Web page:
My version of the two-body problem

Luckily for me, this problem isn’t quite a problem just yet. Since my significant other and I are still both working on our PhDs. Unfortunately, this is very much on the horizon, as the boyfriend will be graduating this summer. And so I have been reading lots of articles about how other professionals deal with these challenges. And its pretty scary.

Growing up I was always told that I could do whatever I wanted to do. While I wouldn’t characterize my parents as extremely pro-equality they were almost secret feminists. My parents were clear that I shouldn’t let any boys get in the way of my attempts at world domination. And I didn’t even think of letting those pesky boys get in my way! Sure I dated guys and talked about dreams and forevers, but I never really seriously considered compromising my goals. Until this guy. Who is really perfect for me in every way.

Now I feel like I’m sitting on a balance where I need to decide me or family. And I hate that feeling. Its not fair that I should feel like I have to choose between 1) Following my career and climbing the ladder or 2)Focusing on my [someday] family. Now before you tell me to man up, I realize lots of people successfully manage this challenge. But they are often overworked and under appreciated (in some aspect of life) and struggling hard. I don’t see many stories that talk about a manageable amount of work life balance. And that makes me feel like I need to choose, because I don’t want to kill myself in the pursuit of science.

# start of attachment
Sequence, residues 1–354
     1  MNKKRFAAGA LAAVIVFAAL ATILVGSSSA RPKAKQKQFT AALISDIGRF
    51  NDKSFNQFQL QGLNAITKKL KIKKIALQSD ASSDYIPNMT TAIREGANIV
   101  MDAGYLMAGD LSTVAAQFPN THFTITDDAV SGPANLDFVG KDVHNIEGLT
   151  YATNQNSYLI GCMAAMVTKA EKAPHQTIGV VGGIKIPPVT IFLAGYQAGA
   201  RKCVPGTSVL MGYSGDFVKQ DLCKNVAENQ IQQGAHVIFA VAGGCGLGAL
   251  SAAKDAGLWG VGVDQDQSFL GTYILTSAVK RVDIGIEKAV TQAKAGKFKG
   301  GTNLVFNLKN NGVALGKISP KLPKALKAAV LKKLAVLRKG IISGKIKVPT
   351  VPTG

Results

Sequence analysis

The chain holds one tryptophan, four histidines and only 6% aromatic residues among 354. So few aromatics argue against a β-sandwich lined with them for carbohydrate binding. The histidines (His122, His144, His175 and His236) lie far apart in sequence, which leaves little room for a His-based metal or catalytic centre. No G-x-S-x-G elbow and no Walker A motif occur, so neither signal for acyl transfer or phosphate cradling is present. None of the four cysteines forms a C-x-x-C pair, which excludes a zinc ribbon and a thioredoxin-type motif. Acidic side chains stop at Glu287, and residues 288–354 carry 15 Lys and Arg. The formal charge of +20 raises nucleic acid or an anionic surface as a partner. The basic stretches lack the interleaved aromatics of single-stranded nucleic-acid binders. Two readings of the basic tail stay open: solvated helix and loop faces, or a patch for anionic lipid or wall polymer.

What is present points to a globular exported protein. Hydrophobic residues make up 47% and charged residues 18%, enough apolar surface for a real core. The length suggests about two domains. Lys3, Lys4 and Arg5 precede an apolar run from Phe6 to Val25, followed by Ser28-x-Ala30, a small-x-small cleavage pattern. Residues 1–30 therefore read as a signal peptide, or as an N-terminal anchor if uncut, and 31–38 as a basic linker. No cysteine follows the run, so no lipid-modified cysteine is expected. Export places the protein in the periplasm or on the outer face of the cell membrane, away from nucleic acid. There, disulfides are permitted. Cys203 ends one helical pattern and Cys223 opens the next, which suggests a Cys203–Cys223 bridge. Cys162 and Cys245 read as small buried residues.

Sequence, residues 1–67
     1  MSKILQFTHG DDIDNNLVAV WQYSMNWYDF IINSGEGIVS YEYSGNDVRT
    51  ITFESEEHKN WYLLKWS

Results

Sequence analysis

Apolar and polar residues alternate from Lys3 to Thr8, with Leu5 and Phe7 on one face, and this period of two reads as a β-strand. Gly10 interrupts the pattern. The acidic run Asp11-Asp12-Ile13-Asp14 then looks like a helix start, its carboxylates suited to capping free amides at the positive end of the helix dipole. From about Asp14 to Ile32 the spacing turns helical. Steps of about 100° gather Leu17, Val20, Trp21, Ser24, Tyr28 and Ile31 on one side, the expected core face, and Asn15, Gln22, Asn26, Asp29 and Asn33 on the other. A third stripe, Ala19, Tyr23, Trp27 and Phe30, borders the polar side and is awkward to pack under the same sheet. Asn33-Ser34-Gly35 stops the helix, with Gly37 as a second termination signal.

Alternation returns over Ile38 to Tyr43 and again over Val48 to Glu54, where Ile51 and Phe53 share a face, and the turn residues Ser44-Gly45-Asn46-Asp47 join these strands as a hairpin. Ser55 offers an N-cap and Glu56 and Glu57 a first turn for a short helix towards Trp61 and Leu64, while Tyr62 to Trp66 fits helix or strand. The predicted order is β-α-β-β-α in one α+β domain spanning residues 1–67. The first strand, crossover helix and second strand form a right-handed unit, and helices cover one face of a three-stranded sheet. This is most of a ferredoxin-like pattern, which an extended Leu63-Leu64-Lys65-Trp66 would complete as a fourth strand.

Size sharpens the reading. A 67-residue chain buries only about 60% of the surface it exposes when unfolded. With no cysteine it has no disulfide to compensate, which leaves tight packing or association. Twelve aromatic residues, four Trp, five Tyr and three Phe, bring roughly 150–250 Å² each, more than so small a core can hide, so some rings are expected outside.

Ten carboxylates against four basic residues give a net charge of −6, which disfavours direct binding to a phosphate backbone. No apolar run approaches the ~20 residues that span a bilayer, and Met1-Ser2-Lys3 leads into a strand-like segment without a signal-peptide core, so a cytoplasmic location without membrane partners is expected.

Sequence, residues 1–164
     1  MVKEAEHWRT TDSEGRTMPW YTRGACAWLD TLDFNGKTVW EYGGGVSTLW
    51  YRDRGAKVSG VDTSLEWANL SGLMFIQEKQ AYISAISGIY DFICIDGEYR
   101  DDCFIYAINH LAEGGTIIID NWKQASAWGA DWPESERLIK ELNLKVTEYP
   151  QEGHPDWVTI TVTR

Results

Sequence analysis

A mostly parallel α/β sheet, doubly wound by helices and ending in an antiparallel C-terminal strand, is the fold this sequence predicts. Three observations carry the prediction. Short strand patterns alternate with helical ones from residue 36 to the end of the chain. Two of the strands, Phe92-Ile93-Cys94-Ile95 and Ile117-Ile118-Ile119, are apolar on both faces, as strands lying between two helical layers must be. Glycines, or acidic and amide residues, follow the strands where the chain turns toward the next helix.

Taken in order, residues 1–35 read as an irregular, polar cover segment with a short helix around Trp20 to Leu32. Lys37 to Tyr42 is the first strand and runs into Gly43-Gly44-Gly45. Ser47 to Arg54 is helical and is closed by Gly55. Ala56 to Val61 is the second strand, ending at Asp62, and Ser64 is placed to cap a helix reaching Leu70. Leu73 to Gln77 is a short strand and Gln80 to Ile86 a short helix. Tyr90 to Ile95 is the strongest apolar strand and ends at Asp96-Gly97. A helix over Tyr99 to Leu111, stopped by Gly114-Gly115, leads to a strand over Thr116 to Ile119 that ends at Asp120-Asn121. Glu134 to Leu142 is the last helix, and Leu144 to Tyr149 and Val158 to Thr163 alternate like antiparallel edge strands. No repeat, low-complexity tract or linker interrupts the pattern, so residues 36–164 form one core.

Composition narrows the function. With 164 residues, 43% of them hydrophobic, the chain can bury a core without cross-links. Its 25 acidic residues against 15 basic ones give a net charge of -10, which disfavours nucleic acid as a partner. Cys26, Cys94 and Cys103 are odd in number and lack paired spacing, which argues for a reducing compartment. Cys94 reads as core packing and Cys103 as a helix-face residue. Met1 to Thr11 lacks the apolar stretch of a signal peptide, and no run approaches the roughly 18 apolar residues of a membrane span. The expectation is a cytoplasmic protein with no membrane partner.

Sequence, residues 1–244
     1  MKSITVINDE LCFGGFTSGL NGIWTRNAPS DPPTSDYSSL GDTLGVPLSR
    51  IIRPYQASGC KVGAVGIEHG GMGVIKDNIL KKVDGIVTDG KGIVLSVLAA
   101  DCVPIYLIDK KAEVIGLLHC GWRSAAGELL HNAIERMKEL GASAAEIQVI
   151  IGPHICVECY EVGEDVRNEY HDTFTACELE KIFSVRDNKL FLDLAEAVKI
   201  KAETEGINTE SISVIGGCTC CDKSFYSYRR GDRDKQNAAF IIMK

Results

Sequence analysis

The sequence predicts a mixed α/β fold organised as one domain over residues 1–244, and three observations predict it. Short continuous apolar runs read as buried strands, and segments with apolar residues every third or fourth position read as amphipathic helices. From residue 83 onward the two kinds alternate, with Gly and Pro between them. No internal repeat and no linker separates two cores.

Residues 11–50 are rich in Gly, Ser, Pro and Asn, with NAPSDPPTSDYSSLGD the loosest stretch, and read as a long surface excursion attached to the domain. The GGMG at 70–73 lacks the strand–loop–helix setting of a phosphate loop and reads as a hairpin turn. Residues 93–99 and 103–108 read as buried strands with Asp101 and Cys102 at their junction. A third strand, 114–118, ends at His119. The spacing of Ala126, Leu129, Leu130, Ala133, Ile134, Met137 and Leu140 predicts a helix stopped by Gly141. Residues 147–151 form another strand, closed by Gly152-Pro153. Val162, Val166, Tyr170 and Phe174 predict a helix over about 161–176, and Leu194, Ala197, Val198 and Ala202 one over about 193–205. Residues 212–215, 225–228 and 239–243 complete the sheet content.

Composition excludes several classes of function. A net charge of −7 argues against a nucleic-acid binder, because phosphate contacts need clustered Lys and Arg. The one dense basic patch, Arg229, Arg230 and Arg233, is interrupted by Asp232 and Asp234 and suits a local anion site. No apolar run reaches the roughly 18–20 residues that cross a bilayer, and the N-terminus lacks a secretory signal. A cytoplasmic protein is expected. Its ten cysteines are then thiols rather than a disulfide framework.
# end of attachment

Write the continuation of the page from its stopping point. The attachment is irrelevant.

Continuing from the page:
And so here we sit, with the significant other about to graduate and myself trying to decide where I want to be. He is very firm in his career goals. He wants to get back into industry and climb the ladder. Chief Scientific Officer is his goal. Shall I follow along like the good housewife (which I may or may not enjoy), search for an alternate career that will allow mobility to follow his job, or fiercely focus on my career and make the two body problem my success?

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12 thoughts on “My version of the two-body problem

  1. Difficult problem. You have my sympathies.

    Some institutions are wising up and trying to provide assistance in finding positions to partners of new faculty. But not all do.

    There was discussion about this at my university, which hosted an NSF ADVANCE program workshop about a year ago. You might scan this list of ADVANCE institutions to see if any are promising: http://www.nsf.gov/crssprgm/advance/awards.jsp

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  2. My experience is restricted to State Universities. Academic search committees in public universities mostly operate under strict rules that dictate ignoring sex, race, marital status, spouses, and such. Even if the candidate mentions the two-body problem, the committees are supposed to ignore this information. As a result good candidates go through a very prolonged “dance” with the hiring institution, which is mostly ill prepared to deal with the problem or unable financially to deal with the problem. Until universities will change the rules and couples will be able to apply openly and honestly, I don’t see a good solution to the problem.